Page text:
Caching and hashing

This section covers the more general considerations of the hashing/caching mechanism. For a more practical guide on how to enable and disable this feature, please visit the corresponding how-to section. If you want to know more about how the internal design of the mechanism is implemented, you can check the internals section instead.

How are nodes hashed

Hashing is turned on by default, i.e., all nodes in AiiDA are hashed. This means that even when you enable caching once you have already completed a number of calculations, those calculations can still be used retro-actively by the caching mechanism since their hashes have been computed.

The hash of a Data node is computed from:

  • all attributes of the node, except the _updatable_attributes and _hash_ignored_attributes

  • the __version__ of the package which defined the node class

  • the content of the repository folder of the node

  • the UUID of the computer, if the node is associated with one

The hash of a ProcessNode includes, on top of this, the hashes of all of its input Data nodes.

Once a node is stored in the database, its hash is stored in the _aiida_hash extra, and this extra is used to find matching nodes. If a node of the same class with the same hash already exists in the database, this is considered a cache match. You can use the get_hash() method to check the hash of any node. In order to figure out why a calculation is not being reused, the _get_objects_to_hash() method may be useful:

In [5]: node = load_node(1234)

In [6]: node.get_hash()
Out[6]: '62eca804967c9428bdbc11c692b7b27a59bde258d9971668e19ccf13a5685eb8'

In [7]: node._get_objects_to_hash()
Out[7]:
[
    '1.0.0',
    {
        'resources': {'num_machines': 2, 'default_mpiprocs_per_machine': 28},
        'parser_name': 'cp2k',
        'linkname_retrieved': 'retrieved'
    },
    <aiida.common.folders.Folder at 0x1171b9a20>,
    '6850dc88-0949-482e-bba6-8b11205aec11',
    {
        'code': 'f6bd65b9ca3a5f0cf7d299d9cfc3f403d32e361aa9bb8aaa5822472790eae432',
        'parameters': '2c20fdc49672c3505cebabacfb9b1258e71e7baae5940a80d25837bee0032b59',
        'structure': 'c0f1c1d1bbcfc7746dcf7d0d675904c62a5b1759d37db77b564948fa5a788769',
        'parent_calc_folder': 'e375178ceeffcde086546d3ddbce513e0527b5fa99993091b2837201ad96569c'
    }
]

Controlling hashing

Data nodes

The hashing of Data nodes can be customized both when implementing a new data node class and during runtime.

In the Node subclass:

  • Use the _hash_ignored_attributes to exclude a list of node attributes ['attr1', 'attr2'] from computing the hash.

  • Include extra information in computing the hash by overriding the _get_objects_to_hash() method. Use the super() method, and then append to the list of objects to hash.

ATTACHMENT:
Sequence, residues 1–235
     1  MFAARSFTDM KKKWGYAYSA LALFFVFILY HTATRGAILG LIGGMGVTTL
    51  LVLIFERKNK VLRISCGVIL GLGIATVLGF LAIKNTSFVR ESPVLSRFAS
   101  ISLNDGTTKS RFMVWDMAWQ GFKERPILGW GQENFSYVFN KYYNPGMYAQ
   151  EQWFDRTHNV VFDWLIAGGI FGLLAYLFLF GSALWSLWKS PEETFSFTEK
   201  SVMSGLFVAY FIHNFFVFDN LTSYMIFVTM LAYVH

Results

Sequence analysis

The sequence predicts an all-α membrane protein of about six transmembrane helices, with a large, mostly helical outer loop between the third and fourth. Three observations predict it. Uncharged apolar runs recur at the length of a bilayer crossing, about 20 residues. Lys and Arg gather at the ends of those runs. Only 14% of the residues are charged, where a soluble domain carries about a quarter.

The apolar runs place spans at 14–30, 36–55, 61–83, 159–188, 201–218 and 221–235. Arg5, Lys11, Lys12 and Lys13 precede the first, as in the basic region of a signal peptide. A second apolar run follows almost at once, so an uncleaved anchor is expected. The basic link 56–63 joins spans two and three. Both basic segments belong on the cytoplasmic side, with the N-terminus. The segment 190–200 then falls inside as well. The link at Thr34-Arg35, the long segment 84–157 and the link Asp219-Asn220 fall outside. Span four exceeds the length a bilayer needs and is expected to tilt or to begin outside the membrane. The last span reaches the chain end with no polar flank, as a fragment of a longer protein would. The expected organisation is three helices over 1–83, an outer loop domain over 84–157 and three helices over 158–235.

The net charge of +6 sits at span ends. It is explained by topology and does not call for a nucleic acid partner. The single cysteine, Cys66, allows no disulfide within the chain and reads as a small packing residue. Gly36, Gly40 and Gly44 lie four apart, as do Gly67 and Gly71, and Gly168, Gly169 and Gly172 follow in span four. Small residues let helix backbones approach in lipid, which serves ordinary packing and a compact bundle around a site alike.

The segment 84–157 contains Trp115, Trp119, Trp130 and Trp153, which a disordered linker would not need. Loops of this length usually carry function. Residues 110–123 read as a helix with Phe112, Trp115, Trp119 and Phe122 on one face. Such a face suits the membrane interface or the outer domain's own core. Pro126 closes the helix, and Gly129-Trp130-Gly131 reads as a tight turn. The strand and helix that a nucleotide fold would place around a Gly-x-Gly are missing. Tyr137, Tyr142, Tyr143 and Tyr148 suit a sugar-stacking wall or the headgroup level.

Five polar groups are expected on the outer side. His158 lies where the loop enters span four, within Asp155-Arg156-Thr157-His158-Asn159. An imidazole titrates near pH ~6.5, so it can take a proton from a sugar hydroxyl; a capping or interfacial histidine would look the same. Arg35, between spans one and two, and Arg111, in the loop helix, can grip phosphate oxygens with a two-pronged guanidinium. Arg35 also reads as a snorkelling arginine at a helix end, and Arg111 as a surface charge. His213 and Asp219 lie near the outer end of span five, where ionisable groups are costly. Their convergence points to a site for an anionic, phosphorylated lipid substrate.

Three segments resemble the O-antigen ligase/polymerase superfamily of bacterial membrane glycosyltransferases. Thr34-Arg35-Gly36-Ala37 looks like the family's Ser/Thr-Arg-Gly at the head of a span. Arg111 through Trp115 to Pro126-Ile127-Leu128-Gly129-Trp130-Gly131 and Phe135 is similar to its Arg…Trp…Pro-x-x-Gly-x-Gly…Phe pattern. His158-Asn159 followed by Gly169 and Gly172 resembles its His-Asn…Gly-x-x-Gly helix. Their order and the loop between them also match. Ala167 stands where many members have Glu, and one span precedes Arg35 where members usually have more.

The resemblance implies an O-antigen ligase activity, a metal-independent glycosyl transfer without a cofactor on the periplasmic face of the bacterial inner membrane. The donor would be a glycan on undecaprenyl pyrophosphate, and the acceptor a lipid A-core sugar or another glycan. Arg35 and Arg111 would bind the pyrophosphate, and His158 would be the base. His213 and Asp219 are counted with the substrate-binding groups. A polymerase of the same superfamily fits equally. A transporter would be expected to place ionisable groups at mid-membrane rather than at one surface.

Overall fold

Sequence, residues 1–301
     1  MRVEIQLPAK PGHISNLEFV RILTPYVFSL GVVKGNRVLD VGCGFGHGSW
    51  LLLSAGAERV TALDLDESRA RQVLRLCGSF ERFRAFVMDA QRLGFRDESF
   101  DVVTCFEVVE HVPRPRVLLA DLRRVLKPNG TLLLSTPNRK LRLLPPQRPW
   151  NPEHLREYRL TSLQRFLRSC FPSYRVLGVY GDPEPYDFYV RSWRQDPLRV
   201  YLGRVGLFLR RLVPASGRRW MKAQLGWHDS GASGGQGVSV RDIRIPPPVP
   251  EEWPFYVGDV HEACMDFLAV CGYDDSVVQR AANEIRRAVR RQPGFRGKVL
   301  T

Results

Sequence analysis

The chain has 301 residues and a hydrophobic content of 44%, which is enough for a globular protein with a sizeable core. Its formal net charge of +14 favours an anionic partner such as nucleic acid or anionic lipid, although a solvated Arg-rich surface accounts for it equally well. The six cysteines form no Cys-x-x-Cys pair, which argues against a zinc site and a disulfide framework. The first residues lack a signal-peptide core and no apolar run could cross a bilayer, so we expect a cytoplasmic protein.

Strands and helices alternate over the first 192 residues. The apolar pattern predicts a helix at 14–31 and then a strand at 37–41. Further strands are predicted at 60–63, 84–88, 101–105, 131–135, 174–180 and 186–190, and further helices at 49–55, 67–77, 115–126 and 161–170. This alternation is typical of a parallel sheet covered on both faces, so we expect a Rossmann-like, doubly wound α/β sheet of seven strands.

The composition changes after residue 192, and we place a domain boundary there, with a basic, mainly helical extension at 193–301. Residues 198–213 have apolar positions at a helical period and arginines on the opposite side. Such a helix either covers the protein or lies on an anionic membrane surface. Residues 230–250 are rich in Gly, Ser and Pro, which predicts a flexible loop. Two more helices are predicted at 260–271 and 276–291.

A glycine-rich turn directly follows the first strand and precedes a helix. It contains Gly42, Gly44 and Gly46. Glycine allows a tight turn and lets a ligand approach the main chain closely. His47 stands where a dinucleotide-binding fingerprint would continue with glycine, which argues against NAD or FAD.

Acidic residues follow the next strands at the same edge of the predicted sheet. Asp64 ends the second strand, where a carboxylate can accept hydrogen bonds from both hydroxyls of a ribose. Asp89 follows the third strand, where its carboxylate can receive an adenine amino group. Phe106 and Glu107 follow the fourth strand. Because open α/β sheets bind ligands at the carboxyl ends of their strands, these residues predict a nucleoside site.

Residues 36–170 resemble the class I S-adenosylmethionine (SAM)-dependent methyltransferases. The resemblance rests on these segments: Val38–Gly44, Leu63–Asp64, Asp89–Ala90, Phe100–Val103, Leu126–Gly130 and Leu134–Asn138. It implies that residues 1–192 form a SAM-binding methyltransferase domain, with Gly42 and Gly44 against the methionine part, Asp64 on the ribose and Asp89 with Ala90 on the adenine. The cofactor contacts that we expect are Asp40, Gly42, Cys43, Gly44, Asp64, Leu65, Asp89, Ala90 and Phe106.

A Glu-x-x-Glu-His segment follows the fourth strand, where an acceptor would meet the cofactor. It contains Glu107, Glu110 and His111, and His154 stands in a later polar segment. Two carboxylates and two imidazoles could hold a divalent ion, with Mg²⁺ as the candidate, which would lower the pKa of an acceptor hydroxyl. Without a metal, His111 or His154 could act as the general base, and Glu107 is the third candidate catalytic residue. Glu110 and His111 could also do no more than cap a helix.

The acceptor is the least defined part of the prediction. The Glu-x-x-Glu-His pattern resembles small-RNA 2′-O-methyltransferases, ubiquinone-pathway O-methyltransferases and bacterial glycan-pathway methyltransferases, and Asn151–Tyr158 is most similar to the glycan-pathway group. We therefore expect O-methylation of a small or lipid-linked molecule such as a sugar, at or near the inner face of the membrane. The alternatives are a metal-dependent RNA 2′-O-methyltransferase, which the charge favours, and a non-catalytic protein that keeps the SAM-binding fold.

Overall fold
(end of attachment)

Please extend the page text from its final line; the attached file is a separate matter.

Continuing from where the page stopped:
You can also modify hashing behavior during runtime by passing a keyword argument to get_hash(), which are forwarded to make_hash().

Process nodes

The hashing of Process nodes is fixed and can only be influenced indirectly via the hashes of their inputs. For implementation details of the hashing mechanism for process nodes, see here.

Controlling Caching

Caching can be configured at runtime (see 如何配置缓存机制) and when implementing a new process class:

  • The spec.exit_code has a keyword argument invalidates_cache. If this is set to True, that means that a calculation with this exit code will not be used as a cache source for another one, even if their hashes match.

  • The Process parent class from which calcjobs inherit has an is_valid_cache method, which can be overridden in the plugin to implement custom ways of invalidating the cache. When doing this, make sure to call super().is_valid_cache(node) and respect its output: if it is False, your implementation should also return False. If you do not comply with this, the ‘invalidates_cache’ keyword on exit codes will not work.

Limitations and Guidelines

  1. Workflow nodes are not cached. In the current design this follows from the requirement that the provenance graph be independent of whether caching is enabled or not:

    • Calculation nodes: Calculation nodes can have data inputs and create new data nodes as outputs. In order to make it look as if a cloned calculation produced its own outputs, the output nodes are copied and linked as well.

    • Workflow nodes: Workflows differ from calculations in that they can return an input node or an output node created by a calculation. Since caching does not care about the identity of input nodes but only their content, it is not straightforward to figure out which node to return in a cached workflow.

    This limitation has typically no significant impact since the runtime of AiiDA work chains is commonly dominated by expensive calculations.

  2. The caching mechanism for calculations should trigger only when the inputs and the calculation to be performed are exactly the same. While AiiDA’s hashes include the version of the Python package containing the calculation/data classes, it cannot detect cases where the underlying Python code was changed without increasing the version number. Another scenario that can lead to an erroneous cache hit is if the parser and calculation are not implemented as part of the same Python package, because the calculation nodes store only the name, but not the version of the used parser.

  3. Note that while caching saves unnecessary computations, it does not save disk space: the output nodes of the cached calculation are full copies of the original outputs.

  4. Finally, When modifying the hashing/caching behaviour of your classes, keep in mind that cache matches can go wrong in two ways:

    • False negatives, where two nodes should have the same hash but do not

    • False positives, where two different nodes get the same hash by mistake

    False negatives are highly preferrable because they only increase the runtime of your calculations, while false positives can lead to wrong results.